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This is rather a hypothetical question, but let's say I'd like to change the behaviour of + (or any other arithmetic operator) on Int within a scope, something like this (I know it is something crazy and is something I'd try to avoid in general, but I find it interesting):

object MySillyStuff extends App {
  def +(a: Int, b: Int) = a*b;

  println(1+2)
}

Is that possible this way, or I'm only able to overload operators through implicit conversions with a new type? (I.e., I have to explicitly create 1 as a member of that new type and use implicit conversion of 2 for that specific type).

1 Answer 1

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Note that there are no operators in scala. In the question + is the method of Int: (1).+(2).

The only way to override an existing method is inheritance with override keyword.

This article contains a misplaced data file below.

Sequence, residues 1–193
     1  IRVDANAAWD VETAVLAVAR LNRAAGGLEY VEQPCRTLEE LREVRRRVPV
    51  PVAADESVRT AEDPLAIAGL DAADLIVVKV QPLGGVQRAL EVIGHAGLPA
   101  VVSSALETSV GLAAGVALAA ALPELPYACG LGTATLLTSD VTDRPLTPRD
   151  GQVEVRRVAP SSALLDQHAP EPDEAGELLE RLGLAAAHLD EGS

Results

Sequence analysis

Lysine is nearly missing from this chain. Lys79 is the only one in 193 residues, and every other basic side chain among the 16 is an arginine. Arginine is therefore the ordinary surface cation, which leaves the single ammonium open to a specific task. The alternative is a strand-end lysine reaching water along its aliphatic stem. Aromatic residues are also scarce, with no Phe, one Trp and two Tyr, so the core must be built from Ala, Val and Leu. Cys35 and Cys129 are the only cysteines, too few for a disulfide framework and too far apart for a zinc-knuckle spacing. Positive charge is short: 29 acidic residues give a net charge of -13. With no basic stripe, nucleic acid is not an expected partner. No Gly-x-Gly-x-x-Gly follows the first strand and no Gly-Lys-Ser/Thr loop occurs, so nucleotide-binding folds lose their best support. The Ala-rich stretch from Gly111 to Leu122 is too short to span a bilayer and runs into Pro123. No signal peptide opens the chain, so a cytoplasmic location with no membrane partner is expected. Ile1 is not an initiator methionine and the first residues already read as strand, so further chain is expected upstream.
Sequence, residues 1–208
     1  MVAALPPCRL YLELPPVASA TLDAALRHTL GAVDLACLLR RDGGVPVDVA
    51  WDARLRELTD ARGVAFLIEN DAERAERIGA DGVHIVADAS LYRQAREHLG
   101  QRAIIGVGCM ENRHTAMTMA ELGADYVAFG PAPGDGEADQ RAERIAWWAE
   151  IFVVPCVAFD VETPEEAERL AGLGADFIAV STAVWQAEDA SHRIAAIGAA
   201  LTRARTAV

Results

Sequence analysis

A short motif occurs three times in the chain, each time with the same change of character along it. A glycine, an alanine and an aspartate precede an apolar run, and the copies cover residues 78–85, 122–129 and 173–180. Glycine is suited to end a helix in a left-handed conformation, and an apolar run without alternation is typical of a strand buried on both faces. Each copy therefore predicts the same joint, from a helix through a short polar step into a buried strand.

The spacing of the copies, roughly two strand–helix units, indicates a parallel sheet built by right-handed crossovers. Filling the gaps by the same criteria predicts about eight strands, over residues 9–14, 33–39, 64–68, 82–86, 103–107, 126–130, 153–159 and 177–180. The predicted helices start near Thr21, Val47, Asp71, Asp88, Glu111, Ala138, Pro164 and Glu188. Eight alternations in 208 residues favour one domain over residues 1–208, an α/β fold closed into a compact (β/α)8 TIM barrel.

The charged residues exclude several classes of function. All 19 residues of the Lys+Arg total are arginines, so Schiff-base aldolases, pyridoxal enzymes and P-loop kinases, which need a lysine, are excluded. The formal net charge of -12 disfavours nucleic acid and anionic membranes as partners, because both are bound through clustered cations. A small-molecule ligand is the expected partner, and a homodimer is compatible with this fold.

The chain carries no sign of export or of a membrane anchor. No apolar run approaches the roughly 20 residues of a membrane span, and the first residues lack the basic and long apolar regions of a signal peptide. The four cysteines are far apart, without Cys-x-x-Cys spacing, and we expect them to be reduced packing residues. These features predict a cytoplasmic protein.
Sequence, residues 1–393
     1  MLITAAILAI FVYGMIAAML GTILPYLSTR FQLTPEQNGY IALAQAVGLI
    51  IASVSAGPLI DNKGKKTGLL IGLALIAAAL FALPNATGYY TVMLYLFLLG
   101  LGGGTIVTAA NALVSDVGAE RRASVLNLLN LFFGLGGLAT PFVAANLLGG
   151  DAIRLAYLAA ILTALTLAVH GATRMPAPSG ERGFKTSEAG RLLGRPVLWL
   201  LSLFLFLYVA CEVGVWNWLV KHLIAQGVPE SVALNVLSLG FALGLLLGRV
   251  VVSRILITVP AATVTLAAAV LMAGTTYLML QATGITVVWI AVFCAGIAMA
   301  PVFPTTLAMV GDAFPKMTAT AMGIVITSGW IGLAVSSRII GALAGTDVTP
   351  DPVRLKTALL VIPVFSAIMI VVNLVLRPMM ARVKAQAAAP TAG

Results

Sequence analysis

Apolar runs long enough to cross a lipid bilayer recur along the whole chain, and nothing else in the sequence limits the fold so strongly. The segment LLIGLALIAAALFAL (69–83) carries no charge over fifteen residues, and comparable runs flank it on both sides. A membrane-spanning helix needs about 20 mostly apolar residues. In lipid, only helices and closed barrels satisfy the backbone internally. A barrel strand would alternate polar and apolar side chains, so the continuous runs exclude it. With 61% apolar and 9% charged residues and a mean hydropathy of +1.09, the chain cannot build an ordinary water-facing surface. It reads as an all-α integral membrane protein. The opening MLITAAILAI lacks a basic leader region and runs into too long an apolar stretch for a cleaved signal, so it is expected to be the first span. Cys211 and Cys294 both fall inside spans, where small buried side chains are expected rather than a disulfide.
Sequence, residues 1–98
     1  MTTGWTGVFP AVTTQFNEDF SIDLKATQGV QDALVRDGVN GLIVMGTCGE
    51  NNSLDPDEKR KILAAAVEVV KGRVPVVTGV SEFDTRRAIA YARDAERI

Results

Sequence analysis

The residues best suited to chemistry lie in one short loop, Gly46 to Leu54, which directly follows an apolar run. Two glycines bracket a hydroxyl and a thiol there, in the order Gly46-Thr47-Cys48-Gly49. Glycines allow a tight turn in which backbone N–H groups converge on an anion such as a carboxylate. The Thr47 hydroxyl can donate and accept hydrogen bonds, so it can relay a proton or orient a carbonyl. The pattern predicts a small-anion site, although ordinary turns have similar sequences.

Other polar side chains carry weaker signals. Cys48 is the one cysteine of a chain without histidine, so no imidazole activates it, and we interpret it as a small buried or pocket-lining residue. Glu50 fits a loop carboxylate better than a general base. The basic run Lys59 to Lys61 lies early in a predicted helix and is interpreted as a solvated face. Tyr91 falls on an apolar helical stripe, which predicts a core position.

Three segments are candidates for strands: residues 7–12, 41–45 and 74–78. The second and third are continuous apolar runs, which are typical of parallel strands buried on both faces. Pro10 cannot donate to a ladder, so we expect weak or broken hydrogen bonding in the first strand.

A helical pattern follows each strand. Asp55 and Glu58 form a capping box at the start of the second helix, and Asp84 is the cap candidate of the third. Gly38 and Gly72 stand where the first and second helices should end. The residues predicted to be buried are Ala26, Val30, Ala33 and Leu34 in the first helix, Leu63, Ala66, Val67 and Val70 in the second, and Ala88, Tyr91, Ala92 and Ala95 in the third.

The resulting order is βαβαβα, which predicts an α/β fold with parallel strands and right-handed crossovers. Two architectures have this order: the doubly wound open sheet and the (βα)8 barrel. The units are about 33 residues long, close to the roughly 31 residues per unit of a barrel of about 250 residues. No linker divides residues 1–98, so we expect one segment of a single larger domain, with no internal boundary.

Implicit class allows you to add a new method, but not to override the method that already is there.

You could wrap your class without overhead using value classes like this:

case class StrangeInt(val i: Int) extends AnyVal {
  def +(that: Int): StrangeInt = StrangeInt(i*that)
}

val i = StrangeInt(3)
println(i+3)
// StrangeInt(9)
4
  • Ok, so basically I cannot do that. Thought there is some hack though through overriding things in Predef or something but haven't seen any operators there. Thx for the clarification, senia!
    – rlegendi
    Jun 24, 2013 at 8:53
  • @rlegendi: there are no operators in scala. + is the method of Int: (1).+(2). It has nothing with Predef.
    – senia
    Jun 24, 2013 at 8:59
  • 2
    Can you prove in your example that multiplication happened, instead of addition? ;-) Jun 24, 2013 at 10:23
  • @Jean-PhilippePellet: 2*2 is 4, so there should be no doubt it was multiplication. Yes, I've failed with example. =)
    – senia
    Jun 24, 2013 at 10:32

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